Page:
A favorite quote likens journalists’ social status to that of prostitutes and bartenders, but their philosophical standing as “beside Galileo because they know the world is round.” Those attributes aren’t independent but intertwined.

Outside the power structure, you have nothing to lose by speaking truth. Yet to do so is a path to alienation and marginalization.

The same could be said of a good historian. Part detective, part epistemologist and philosopher, their dogged adherence to uncovering truth often puts them at odds with the status quo.

Ann Pond enters the fray with the last in her trilogy of books on Mobile Mardi Gras, “Cain and his Lost Cause Generation.” More than a regurgitation of threadbare popular myth, Pond’s citation of sources and unraveling of fable reads as well-grounded in diligence.

(Photo/Ann J. Pond) The third book in Ann Pond’s Mardi Gras trilogy.

(Photo/Ann J. Pond) The third book in Ann Pond’s Mardi Gras trilogy.

Pond’s preview revisits territory meticulously traced in the previous works — “The First Cowbellion” and “Masons and Mardi Gras” — and sketches the intricate symbiosis between Mobile’s New Year’s celebrations and New Orleans’ Mardi Gras. It’s a good primer.

The first chapter delivers a wallop when it looks at the central question of how modern myths about the holiday emerged despite ample documentation to the contrary. Two names emerge as the wellspring.

Artist and writer Julian Rayford is well known as the man who gave us the modern Joe Cain Day and wrote the first book-length historical account of Mobile Mardi Gras, “Chasin’ the Devil ‘Round a Stump.” It canonized contemporary beliefs.

But where did Rayford gather his information? It seems to have come from Francois “Frank” Diard, an early 20th century Mobilian committed to elevating the status of his hometown without adherence to a historian’s ethics.

Diard amassed a so-called “family history,” an abundance of information and “records” about colonial Mobile and its residents as spurious as his claims of relationship to the Brothers Le Moyne, d’Iberville and Bienville. Pond said no proof of such lineage exists.

The problem with Diard’s research is his dedication to making his findings fit his end goal of giving Mobile as many credited “firsts” as possible. Among those claims are that Mobile and his family had the first azalea, the first garden, the first gumbo and the first Mardi Gras on the Gulf Coast.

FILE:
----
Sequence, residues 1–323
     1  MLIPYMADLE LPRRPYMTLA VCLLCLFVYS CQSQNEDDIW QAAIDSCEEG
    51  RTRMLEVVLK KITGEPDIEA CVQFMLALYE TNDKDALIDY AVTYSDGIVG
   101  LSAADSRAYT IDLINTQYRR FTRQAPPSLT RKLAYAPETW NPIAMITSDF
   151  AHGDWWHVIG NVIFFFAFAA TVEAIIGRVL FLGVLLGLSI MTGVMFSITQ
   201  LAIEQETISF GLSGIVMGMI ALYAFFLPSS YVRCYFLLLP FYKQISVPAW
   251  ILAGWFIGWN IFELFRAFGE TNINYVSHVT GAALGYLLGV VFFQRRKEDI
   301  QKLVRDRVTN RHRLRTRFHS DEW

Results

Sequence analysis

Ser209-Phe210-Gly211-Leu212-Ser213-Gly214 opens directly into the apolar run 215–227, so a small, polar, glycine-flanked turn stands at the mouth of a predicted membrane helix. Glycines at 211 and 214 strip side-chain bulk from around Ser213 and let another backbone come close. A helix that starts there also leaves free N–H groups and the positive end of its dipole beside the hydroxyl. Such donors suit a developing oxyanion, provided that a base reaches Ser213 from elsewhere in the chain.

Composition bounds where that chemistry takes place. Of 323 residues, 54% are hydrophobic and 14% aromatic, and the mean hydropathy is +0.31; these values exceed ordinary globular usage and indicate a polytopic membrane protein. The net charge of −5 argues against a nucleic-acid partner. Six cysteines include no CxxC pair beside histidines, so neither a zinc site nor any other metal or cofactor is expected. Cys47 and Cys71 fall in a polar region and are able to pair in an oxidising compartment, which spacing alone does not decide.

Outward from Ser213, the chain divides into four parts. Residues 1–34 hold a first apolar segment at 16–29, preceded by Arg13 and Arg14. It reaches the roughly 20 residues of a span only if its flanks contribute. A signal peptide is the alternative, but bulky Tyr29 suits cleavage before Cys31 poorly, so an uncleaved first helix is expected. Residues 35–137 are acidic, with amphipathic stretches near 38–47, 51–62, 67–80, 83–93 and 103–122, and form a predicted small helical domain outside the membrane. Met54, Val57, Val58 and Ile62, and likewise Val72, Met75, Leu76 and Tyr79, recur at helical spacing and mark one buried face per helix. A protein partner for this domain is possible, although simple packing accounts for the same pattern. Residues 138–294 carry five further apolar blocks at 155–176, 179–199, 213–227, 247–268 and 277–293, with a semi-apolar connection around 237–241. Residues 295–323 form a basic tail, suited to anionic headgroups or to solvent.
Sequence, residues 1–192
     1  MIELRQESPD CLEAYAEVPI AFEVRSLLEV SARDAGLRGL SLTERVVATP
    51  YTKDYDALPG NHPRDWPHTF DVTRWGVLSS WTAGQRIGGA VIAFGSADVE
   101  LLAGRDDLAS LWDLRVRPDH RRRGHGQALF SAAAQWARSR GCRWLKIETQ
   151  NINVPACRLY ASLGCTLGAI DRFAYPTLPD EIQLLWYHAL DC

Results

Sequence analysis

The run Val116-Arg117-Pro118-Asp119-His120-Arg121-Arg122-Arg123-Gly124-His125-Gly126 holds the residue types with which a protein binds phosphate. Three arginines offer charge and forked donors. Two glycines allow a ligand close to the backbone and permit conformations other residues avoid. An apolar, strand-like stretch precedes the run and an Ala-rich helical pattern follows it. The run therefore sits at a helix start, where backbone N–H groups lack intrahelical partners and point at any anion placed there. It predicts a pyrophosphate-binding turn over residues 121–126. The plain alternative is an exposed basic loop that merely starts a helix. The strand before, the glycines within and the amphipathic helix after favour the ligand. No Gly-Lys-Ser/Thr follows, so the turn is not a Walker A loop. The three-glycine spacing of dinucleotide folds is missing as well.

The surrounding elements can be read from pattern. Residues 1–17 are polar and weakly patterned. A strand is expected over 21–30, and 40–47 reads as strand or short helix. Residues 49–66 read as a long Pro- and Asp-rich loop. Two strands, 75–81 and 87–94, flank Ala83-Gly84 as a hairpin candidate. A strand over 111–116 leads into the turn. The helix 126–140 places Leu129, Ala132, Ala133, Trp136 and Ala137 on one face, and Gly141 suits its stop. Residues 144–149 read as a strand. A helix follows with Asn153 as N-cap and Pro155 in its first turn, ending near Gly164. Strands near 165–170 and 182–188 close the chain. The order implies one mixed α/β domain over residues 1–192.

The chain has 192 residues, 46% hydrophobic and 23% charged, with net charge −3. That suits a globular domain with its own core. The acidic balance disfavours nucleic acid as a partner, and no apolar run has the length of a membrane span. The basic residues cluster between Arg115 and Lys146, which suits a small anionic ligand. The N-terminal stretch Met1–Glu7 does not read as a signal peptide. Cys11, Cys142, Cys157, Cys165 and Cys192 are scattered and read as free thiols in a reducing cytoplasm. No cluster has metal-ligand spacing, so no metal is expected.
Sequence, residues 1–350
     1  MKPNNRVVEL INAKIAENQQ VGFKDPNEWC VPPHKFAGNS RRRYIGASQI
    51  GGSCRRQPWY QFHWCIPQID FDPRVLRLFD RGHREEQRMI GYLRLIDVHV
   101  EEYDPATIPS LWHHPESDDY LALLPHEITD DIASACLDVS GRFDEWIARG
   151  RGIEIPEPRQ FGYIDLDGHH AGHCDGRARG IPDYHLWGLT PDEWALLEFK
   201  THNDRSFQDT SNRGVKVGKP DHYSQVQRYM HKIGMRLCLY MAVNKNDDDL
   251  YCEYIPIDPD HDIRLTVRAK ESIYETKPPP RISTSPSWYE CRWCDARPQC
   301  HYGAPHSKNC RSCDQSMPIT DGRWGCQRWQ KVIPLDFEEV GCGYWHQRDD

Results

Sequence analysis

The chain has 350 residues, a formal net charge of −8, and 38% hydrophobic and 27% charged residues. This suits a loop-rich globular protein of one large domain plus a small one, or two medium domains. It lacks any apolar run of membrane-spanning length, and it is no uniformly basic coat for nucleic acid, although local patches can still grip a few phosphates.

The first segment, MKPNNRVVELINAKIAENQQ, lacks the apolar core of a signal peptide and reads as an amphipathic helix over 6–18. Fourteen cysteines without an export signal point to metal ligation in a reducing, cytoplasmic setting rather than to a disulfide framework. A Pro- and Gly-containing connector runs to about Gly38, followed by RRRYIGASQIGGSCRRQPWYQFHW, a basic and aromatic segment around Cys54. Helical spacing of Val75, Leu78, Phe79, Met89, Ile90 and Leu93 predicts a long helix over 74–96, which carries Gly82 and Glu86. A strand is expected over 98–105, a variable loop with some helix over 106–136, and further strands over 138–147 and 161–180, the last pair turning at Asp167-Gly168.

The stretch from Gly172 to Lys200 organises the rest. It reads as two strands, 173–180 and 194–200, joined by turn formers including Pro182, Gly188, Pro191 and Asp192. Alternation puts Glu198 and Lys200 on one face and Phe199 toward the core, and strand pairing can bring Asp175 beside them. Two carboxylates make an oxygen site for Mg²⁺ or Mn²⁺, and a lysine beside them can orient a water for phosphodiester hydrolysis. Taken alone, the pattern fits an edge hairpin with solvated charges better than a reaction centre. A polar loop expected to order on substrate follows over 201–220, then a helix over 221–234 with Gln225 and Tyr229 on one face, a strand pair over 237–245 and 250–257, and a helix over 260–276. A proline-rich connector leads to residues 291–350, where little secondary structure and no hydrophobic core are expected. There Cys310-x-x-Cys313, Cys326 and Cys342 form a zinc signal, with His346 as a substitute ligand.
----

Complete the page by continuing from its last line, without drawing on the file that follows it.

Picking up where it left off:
Through his 38-year occupation with the Mobile Register and lifelong association with its editor Erwin Craighead, Diard’s claims were never subjected to due scrutiny. Plus, there is the human tendency to believe what is most flattering.

Diard claimed “Boeuf Gras” celebrations began in colonial Mobile and continued uninterrupted until Fat Tuesday of 1861. Pond and previous researchers say historical proof for this is nonexistent, not in d’Iberville’s journals, the Penicaut Narrative or historically documented stories from subsequent French immigrants. Diard disseminated these other fanciful ideas as widely as possible, including in articles written for national publication. After a while, it became the accepted narrative.

Rayford was undoubtedly influenced by Diard. Rayford also championed a vision of Joe Cain as a symbol of wresting power from elites and spurning outside influence.

Pond cites not only Cain’s participation in New Orleans Mardi Gras festivities of 1867 but newspaper accounts claiming the 1868 Mobile Mardi Gras celebrations “ushered in a new era.”

To Rayford, Cain was a worthy source of information about Mobile’s most cherished pastime. He extolled Cain’s virtues, engineered the long-dead city clerk’s disinterment from Bayou La Batre to historic Church Street Graveyard and spurred the inception of the Joe Cain Day procession on the Sunday preceding Lundi Gras.

Pond’s book goes on to discuss the Mobile of Cain’s youth, a town on the crest of the Cotton Boom wave. The social picture she paints is that of a frontier town on the rise, reinventing itself and hewing away the rougher parts of its culture.

Also included is an in-depth telling of the story of the Boyington Oak and the tragedy that led to its eerie legend. Fittingly, the oak stands not far from Cain’s current resting spot.

There’s no way to tell this story without ample focus on New Orleans, and Pond doesn’t disappoint in that regard. Her descriptions of the Crescent City culture and Mardi Gras customs are just as vivid and detailed as those of Mobile, detailing the similarities and differences.

Unsurprisingly, the nascent civic rivalry between both cities is obvious and manifested in the tourism marketing undertaken in the antebellum period. Let’s just say the “family Mardi Gras” angle was well underway long before Mobile even observed Carnival.

Anyone drawn to Mardi Gras or Gulf Coast history should dive into Pond’s entire trilogy at first chance. You can grab an inscribed copy at a couple of upcoming book signings: Thursday, Nov. 12, 11 a.m. to 1 p.m. at Serda’s Coffee (3 S. Royal St.) and Wednesday, Nov. 18, 5-7 p.m. at the Mobile Carnival Museum (355 Government St.).

Copies also are available at ann-j-pond.squarespace.com. Kindle and electronic versions may also be purchased.  

If “the truth will set you free,” then these three volumes are pure liberation.